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What a Trip to Greece Costs in 2023 | Average Prices

What a Trip to Greece Costs in 2023 | Average Prices

Ah, Greece — the birthplace of Western civilization. Positioned prominently along the southern coast of Europe on the Mediterranean Sea, Greece is just as much of a paradise today for many travelers as it was for adventurers of ancient times.

Beautiful coastlines, divine food and wine, and thousands of picturesque islands characterize this land of classical mythology and legendary lore.

With all the copious truths that can be distilled from Greek fables and philosophy (a word that, like many academic terms, is derived from Greek), no one can deny this historic nation has had an outsized influence on European and American civilization that extends to the modern day.

Many would even say you can date the very concept of democracy itself back to the ancient Greeks.

As a destination for travelers from all over the world, Greece has an allure that owes as much to its role in the formation of many of our societal structures as it does to the nation’s rugged, natural beauty and coastal seascapes.

Allow our experts to help you discover Greece in the best and most affordable ways possible, as we offer you up-to-date information about the real costs and opportunities of a trip to Greece.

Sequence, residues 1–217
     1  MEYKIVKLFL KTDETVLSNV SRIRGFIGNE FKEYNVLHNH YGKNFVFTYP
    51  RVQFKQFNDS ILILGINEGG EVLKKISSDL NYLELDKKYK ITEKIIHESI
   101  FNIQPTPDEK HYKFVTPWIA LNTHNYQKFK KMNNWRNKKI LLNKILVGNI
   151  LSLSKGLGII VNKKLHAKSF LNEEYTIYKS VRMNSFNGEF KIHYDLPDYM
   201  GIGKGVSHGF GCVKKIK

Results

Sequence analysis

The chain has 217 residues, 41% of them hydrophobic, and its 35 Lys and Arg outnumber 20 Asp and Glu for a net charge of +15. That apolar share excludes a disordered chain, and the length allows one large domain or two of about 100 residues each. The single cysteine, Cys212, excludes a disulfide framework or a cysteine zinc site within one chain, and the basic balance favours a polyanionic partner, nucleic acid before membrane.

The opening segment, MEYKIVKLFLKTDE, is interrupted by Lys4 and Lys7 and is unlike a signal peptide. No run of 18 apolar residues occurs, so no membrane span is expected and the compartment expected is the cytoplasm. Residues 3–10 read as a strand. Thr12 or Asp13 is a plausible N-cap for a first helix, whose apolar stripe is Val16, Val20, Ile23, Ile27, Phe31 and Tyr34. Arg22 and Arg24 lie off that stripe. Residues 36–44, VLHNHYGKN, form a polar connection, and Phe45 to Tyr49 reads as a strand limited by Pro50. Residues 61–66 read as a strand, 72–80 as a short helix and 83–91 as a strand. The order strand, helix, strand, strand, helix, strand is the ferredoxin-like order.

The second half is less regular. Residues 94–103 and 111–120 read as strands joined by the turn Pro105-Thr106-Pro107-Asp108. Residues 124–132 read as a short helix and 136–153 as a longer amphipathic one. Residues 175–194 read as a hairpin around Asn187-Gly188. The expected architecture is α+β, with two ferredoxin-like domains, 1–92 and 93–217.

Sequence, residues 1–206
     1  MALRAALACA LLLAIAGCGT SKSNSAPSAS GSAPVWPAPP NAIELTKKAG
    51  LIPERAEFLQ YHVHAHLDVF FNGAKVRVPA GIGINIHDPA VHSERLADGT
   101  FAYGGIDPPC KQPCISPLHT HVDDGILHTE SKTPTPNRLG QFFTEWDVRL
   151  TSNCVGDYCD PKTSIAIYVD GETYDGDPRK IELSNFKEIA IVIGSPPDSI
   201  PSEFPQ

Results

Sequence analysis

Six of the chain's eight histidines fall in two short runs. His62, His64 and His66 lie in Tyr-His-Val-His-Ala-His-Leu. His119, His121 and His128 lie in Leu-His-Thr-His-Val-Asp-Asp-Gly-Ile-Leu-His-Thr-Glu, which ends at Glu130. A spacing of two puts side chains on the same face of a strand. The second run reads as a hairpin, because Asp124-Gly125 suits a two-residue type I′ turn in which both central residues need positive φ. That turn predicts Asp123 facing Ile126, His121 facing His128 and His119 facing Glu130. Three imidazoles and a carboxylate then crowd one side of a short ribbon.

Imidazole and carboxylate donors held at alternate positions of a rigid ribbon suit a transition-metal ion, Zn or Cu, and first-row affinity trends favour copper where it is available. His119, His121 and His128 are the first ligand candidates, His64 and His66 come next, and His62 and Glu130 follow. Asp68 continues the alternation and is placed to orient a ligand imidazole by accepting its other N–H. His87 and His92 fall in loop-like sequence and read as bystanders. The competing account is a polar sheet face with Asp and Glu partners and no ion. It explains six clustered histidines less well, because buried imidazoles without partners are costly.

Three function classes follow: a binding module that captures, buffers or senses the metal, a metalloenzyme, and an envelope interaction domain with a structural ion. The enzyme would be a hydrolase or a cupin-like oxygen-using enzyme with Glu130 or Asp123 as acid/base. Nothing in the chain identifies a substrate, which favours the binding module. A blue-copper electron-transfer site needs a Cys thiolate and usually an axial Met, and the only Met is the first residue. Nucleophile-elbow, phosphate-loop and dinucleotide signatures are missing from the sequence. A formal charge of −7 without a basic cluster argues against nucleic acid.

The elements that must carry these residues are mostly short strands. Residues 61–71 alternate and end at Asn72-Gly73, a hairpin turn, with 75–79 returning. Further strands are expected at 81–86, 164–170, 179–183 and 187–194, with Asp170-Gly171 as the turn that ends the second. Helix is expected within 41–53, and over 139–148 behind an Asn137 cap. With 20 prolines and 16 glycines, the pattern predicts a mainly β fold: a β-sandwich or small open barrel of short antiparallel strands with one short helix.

Average Trip to Greece Cost in 2023

Average Greece Trip Cost Table

The average seven-day vacation in Greece costs close to $2,100. This can be broken down as follows:

  • Average Accommodation Cost: $600
  • Average Flight Cost: $900
  • Food, Drinks & Activities: $315
  • Transportation: $245
  • Total Cost: $2,060

Of course, these costs will likely vary greatly depending on where and how you choose to be accommodated and the food, activities, and transportation you choose to use.

Keep in mind that Greece is not a small country, and the landscape can change dramatically, depending on whether you’re in the mountainous north of the country versus the urban centers of Athens or Thessaloniki or the idyllic scenery of one of the country’s many islands.

Although Italy can lay claim to ancient Roman aqueducts and Latin texts, the theaters and temples of Greece are older and arguably more important.

The ancient structures of the Parthenon, the Acropolis, the Agora of Athens, Rhodes, Mycenae, Olympia, and Delphi (which all comprise UNESCO World Heritage sites) are as historically significant as any of the most important cultural locations in the world.